The transfer of renewable energy policy instruments from Europe to Southeast Asia : A case study of Thailand’s feed-in tariff policy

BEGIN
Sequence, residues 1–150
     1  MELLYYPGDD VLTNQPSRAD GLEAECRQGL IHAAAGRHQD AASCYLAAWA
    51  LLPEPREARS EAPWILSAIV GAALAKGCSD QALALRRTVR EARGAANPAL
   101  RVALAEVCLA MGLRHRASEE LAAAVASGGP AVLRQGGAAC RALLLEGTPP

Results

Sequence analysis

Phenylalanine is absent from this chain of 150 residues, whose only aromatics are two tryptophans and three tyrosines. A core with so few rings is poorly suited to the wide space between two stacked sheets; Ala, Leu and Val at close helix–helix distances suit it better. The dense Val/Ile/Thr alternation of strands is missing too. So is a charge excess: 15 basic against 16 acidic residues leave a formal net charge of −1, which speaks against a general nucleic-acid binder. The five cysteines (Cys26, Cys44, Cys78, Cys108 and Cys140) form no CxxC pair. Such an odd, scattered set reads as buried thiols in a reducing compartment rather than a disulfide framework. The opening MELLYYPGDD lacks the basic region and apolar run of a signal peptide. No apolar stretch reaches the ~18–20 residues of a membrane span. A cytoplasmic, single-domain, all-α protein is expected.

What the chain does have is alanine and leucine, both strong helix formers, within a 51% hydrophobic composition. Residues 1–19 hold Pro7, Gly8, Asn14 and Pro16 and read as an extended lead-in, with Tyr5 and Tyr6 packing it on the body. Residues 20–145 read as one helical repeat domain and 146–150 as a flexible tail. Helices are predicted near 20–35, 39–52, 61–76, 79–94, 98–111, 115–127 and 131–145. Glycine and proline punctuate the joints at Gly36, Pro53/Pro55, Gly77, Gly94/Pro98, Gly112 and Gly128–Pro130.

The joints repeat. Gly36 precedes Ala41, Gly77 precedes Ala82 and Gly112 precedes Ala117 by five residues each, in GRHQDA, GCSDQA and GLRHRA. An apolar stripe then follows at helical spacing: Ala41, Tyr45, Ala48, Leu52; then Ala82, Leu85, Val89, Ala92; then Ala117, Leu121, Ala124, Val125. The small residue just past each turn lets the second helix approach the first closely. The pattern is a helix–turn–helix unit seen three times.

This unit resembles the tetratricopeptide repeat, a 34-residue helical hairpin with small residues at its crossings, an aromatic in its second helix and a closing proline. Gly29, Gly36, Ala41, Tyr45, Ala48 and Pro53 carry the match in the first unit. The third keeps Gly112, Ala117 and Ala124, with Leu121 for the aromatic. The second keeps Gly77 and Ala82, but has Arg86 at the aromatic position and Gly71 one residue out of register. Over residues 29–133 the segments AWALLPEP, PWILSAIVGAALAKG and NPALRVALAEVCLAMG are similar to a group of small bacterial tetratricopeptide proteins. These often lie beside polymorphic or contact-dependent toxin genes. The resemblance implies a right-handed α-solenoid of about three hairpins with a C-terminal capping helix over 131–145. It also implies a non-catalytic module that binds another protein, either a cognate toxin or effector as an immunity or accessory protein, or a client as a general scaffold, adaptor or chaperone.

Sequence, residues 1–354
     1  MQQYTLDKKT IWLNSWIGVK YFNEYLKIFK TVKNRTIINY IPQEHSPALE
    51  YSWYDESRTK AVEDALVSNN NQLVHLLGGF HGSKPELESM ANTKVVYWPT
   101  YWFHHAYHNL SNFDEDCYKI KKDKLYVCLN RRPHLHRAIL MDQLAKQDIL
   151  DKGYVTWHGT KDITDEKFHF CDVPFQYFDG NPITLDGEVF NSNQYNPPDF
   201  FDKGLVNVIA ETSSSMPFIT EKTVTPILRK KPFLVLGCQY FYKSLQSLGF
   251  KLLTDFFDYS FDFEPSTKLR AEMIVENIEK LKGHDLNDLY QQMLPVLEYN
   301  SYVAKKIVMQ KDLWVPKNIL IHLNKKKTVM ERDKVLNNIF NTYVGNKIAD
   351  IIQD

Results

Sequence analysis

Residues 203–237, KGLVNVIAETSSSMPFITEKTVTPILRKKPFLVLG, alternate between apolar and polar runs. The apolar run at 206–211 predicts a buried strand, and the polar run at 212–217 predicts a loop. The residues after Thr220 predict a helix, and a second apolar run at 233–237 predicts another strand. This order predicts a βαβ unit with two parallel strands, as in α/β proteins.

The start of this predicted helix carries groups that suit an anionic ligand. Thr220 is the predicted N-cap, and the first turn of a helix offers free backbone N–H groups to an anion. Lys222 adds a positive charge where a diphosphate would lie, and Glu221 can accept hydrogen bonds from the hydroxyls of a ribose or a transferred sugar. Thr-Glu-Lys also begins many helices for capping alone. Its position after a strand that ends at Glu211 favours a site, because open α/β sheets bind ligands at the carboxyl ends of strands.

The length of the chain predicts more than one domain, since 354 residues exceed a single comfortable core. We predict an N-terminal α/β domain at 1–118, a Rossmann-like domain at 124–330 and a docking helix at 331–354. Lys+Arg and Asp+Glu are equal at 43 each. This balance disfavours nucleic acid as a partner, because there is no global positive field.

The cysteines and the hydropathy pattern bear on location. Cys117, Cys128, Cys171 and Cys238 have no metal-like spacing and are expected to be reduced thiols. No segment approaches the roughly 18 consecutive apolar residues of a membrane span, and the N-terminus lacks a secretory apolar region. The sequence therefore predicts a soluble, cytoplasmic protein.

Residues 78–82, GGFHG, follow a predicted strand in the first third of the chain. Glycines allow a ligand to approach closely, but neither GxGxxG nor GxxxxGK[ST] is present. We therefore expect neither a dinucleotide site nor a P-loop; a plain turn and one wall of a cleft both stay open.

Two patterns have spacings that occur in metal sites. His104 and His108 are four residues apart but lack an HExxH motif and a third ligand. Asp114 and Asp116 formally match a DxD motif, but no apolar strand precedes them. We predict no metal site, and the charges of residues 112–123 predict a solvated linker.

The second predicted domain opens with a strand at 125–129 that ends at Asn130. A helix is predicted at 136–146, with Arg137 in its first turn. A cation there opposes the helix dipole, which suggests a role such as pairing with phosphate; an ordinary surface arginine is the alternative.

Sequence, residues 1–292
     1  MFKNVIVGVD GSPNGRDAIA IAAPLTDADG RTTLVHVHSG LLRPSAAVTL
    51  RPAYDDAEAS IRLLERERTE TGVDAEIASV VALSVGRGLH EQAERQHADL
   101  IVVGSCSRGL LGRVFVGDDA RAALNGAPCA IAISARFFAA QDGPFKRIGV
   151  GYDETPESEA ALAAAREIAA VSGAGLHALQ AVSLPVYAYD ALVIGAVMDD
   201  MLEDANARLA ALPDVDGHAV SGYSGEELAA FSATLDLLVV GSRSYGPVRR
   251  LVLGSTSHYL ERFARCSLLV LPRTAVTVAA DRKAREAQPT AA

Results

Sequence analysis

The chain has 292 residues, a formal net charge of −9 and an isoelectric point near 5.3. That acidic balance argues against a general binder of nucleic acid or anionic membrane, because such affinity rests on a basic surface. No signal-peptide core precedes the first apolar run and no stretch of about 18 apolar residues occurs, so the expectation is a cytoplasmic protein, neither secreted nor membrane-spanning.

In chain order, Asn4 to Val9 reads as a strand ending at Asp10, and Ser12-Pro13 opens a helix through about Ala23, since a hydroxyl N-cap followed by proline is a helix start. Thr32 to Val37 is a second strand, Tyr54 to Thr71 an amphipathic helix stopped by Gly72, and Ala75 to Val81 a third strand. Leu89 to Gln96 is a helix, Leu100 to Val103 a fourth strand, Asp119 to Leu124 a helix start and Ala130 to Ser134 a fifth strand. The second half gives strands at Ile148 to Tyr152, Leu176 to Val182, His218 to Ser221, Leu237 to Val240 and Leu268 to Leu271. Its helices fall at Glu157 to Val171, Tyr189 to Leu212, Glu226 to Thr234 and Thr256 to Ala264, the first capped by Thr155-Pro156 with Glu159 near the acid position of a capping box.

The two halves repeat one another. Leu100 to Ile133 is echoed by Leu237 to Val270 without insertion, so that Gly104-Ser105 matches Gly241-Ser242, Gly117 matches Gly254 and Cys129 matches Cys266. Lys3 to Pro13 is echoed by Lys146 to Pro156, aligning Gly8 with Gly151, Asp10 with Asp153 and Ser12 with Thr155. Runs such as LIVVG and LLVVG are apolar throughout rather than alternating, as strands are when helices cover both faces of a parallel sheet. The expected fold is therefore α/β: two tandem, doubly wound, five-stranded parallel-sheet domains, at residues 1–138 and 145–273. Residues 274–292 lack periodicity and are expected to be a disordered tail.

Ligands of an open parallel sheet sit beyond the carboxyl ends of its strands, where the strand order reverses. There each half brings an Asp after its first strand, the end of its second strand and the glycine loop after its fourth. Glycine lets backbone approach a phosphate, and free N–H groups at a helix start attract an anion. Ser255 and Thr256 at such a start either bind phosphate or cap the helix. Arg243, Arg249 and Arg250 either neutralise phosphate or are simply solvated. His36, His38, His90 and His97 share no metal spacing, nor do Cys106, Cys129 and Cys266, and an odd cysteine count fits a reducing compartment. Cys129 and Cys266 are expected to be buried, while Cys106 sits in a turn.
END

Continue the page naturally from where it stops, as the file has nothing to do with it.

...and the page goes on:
Abstract: Climate change is one of the most challenging crises in sustainable development agenda. Tackling the problem requires the global transition towards renewable and sustainable energies. The uptake of these new technologies is often supported by policies and technological know-how that is developed by early adopters, and later spread and transferred to other places. Although renewable technology transfer and diffusion have long been studied, the question of how supporting policies flow from one country to another, and how they are adapted to the local contexts are merely investigated. This paper sheds some light on the process, mechanisms, and dynamics of policy transfer, and investigate the influences of national contextual characters on the adoption of policy from other countries, using Thailand's feed-in tariff policy as an example. The study applies an adapted version of ‘Dolowitz and Marsh model (1996, 2000, 2012)’ as the guiding policy transfer framework to analyse the information gathered through literature study and fieldwork, and to present the results and findings. The study discovers that policy transfer is not a straightforward process with a clear transfer timeline and boundary, but rather a dynamic and complex process that involves interactions with many factors, internal and external, and are continuously shaping the process and outcomes of the transfer. Moreover, the case study proves that Dolowitz and Marsh model is a useful and effective framework to understand and depict the process. However, if to treat policy transfer as an independent variable affecting the process outcomes, it would need to combine other frameworks, for instance, Marsh and McConnell Model (2010), to give an in-depth and comprehensive analysis to measure the success of policy transfer and policymaking.
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